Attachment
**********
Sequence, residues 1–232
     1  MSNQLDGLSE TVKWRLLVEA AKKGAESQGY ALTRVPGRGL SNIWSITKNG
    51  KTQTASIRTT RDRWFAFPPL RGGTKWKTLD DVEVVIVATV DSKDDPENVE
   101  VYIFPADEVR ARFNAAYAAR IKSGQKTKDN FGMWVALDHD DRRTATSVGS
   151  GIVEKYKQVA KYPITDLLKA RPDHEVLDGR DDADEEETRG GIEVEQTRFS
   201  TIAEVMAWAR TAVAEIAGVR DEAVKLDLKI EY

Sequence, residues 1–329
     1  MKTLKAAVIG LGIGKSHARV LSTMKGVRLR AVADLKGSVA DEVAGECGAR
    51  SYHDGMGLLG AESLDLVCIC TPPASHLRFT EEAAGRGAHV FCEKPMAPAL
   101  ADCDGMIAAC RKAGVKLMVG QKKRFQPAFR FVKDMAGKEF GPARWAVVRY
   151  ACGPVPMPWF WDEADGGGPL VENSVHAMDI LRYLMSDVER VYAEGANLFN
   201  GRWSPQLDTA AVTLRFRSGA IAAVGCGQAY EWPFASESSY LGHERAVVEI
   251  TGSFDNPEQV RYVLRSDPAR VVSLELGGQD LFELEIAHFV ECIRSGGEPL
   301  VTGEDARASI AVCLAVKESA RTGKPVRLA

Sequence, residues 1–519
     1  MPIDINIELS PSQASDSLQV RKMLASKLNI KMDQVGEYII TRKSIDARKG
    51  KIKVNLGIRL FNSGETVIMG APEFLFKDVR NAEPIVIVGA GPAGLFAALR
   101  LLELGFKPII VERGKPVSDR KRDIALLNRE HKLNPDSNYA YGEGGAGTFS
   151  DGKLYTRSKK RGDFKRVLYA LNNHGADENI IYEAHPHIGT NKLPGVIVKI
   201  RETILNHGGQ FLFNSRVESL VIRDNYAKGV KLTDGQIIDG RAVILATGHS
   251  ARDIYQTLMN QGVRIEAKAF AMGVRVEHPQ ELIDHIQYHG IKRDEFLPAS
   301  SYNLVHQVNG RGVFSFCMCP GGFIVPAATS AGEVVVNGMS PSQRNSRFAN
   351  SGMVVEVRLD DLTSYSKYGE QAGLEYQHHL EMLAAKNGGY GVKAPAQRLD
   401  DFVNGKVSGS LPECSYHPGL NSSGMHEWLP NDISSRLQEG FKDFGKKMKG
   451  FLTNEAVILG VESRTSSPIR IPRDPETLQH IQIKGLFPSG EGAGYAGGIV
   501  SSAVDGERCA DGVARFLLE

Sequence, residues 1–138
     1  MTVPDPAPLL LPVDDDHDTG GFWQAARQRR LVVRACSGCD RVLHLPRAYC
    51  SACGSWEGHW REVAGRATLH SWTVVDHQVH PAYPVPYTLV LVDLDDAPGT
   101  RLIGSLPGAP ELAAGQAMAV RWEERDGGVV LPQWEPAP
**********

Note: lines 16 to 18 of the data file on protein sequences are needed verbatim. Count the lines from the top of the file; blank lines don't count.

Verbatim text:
     1  MPIDINIELS PSQASDSLQV RKMLASKLNI KMDQVGEYII TRKSIDARKG
    51  KIKVNLGIRL FNSGETVIMG APEFLFKDVR NAEPIVIVGA GPAGLFAALR
   101  LLELGFKPII VERGKPVSDR KRDIALLNRE HKLNPDSNYA YGEGGAGTFS